Israelis who live west of the Green Line are increasingly less supportive of the Jewish settlement enterprise in Judea and Samaria than they were in previous years, according to a new Ariel University poll. According to the poll, the number of Israelis who characterize themselves as right wing dropped from 57% in 2012 to 48% in this year's poll.
The poll was commissioned by Dr. Miriam Billig and Dr. Udi Lebel ahead of the 23rd annual Judea and Samaria Research Conference, scheduled for Thursday.
The polling was done by Maagar Mochot. The respondents comprise a representative sample of 587 Israeli Jewish adults from inside the Green Line (Israel's pre-1967 border with Jordan). The margin of error is 4.5%.
According to the poll, a majority of respondents (53%) support a full or partial withdrawal from Judea and Samaria as part of an agreement with the Palestinian Authority. Thirty percent support a full or partial annexation of Judea and Samaria and 13% think the status quo should be maintained. Only 4% believe Israel should conduct a unilateral withdrawal from all or parts of Judea and Samaria, without an agreement with the Palestinians.
Some 35% said they support the dismantlement of many or all Jewish communities in exchange for a peace agreement than ends the conflict with the Palestinians. This was up from 22% in a similar 2012 poll and 14% in 2011, a significant increase.
Some 52% of respondents said Jewish communities in Judea and Samaria represent true Zionism, and 46% felt settlements provide a security buffer for the rest of Israel. But both these figures were lower than in 2012.
Sixty percent said the settlers are not the source of the conflict with the Palestinians, but there was an increase in the number of respondents, 53%, who said that settlers were an obstacle to peace.
And 43% said Judea and Samaria communities were not a waste of state funds, while 39% said the settlements were a waste of public funds, an increase from last year's 24%.
As was the case in past surveys, most of the respondents said Jewish settlements in Judea and Samaria hurt Israel-U.S. relations, compared with 33% who said they had no impact. Only 10 percent said settlers' enhance those relations.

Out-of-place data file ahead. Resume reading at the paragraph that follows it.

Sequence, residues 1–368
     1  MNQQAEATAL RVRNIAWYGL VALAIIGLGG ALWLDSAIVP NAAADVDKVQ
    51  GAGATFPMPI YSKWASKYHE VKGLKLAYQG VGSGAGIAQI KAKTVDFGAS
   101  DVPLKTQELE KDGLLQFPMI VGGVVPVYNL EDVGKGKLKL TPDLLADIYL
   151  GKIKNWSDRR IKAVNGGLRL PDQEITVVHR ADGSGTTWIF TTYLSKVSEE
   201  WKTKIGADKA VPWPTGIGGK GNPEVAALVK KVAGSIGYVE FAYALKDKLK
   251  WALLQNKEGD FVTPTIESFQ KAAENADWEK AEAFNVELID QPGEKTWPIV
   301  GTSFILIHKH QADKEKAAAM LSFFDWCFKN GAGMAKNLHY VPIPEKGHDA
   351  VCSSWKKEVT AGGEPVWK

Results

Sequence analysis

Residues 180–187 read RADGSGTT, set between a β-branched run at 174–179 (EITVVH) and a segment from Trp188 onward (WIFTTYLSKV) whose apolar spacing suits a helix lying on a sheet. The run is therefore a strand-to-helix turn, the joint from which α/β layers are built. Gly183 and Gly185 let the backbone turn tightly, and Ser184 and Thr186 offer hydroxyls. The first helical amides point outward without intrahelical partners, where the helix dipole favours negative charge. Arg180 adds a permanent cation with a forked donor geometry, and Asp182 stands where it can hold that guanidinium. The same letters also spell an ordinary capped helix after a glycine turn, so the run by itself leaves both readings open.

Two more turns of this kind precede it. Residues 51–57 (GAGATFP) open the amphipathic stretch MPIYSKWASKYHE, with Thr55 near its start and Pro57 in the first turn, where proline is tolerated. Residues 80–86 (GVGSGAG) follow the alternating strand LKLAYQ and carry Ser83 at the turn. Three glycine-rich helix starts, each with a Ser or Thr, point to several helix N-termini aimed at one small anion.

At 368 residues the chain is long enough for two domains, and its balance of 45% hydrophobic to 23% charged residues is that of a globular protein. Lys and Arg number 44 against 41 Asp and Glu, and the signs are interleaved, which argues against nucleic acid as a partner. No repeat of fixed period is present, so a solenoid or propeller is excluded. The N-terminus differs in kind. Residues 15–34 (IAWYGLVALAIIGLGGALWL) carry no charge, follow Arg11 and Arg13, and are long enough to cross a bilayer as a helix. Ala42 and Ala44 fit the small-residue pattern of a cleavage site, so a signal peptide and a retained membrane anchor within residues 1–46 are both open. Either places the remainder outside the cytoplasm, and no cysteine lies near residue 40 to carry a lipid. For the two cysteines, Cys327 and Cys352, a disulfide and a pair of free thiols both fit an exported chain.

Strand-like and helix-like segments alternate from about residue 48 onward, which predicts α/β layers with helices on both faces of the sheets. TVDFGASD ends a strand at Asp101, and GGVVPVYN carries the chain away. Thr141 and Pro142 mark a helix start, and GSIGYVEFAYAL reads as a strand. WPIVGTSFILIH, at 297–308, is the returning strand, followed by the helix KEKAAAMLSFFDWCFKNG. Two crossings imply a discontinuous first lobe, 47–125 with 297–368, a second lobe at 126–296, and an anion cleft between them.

Seventy percent of those surveyed said the conflict with the Palestinians had more to do with national and religious issues over the question of whether Israel has the right to exist as a Jewish state than to a dispute over territories. This is consistent with past surveys.
Israelis consider a Palestinian pledge to end hostilities as the most important aspect in any future peace deal that entails territorial concessions.
Only 13% of respondents think a two-state solution will bring an end to the conflict (compared to 11% in 2012 and 16% in 2011), and 20% of respondents said it would prevent an escalation for a long period of time.
Some 67% of respondents said a two-state solution would prevent further escalation over the short run (compared with 73% in 2012, 64% in 2011, 71% in 2010 and 74% in 2009).
A majority (68%) would oppose having Jewish settlements remain under Palestinian control, while 38% said they would agree to such an arrangement. Views on this issue are consistent with past polls.
Some 37% believe that the settler leadership currently needs to fight uncompromisingly against the hilltop youth and other Jewish lawbreakers in Judea and Samaria, up from 15% last year, while 25% want Israel to unveil a new proposal to renew the peace process, up from 8% last year.
According to the survey, the principal factors preventing the wider public from identifying with the settlers are: the hilltop youth (53% of those who answered the question listed them as the reason they did not identify with the settlers); the religious extremism expressed in Judea and Samaria rabbis' rulings on matters pertaining to women (50% of those who answered the question refrain from identifying with the settlers for this reason). Both of these factors were similar to last year's poll.
Most of those who answered (58%) agree on the need to legislate the requirement to hold a national referendum prior to the signing of any peace deal that includes the ceding of land.
Half of those who answered (50%) agree that in light of national budget cuts, funds allotted to the settlements should be frozen. Only about one-third (36%) of those who answered agree that construction in areas deemed to be of strategic importance, for which municipal permits have already been granted, should be expedited, such as in the E1 zone between Jerusalem and Maaleh Adumim.